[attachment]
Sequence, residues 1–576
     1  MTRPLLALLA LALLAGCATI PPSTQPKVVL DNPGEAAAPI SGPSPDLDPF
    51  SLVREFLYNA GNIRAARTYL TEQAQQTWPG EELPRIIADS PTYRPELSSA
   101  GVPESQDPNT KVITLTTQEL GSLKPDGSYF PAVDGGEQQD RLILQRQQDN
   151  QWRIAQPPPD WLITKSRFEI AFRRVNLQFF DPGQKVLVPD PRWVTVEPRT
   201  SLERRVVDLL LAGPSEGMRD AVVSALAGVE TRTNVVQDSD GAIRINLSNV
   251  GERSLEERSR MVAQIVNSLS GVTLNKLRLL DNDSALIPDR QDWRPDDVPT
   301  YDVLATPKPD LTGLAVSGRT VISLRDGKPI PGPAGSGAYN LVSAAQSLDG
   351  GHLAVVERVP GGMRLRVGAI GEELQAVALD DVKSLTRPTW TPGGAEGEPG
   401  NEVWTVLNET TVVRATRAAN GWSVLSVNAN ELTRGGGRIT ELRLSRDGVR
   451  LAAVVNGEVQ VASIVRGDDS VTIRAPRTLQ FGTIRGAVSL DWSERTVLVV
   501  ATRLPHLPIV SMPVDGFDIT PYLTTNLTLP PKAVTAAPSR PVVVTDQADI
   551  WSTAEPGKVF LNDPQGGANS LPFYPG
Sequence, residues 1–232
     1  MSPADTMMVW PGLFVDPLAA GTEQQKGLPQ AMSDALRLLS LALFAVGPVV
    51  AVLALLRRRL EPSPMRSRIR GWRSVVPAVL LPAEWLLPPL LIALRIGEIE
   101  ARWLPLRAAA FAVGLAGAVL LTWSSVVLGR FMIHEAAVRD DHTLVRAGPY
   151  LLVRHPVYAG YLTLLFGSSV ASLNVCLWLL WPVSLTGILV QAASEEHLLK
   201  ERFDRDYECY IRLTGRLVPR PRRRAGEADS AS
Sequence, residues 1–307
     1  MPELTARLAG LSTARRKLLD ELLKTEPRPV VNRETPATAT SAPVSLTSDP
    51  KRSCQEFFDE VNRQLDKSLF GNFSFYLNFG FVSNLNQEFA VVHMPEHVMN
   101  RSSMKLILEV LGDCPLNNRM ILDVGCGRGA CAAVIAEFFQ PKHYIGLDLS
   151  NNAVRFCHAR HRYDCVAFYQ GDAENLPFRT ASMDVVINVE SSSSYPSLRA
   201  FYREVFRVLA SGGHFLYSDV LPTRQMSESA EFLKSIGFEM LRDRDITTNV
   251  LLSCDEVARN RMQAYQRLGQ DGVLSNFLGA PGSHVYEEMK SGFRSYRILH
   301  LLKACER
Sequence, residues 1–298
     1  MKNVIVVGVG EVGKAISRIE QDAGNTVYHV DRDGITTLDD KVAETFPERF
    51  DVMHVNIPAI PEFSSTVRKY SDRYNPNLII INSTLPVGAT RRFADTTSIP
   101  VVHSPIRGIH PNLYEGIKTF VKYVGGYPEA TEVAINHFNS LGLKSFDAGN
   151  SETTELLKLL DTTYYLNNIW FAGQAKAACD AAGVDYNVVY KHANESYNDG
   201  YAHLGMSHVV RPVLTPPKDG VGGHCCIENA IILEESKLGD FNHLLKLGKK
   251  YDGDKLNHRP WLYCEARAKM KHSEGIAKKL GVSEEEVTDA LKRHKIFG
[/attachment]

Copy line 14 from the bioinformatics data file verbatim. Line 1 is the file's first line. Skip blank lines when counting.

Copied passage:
Sequence, residues 1–232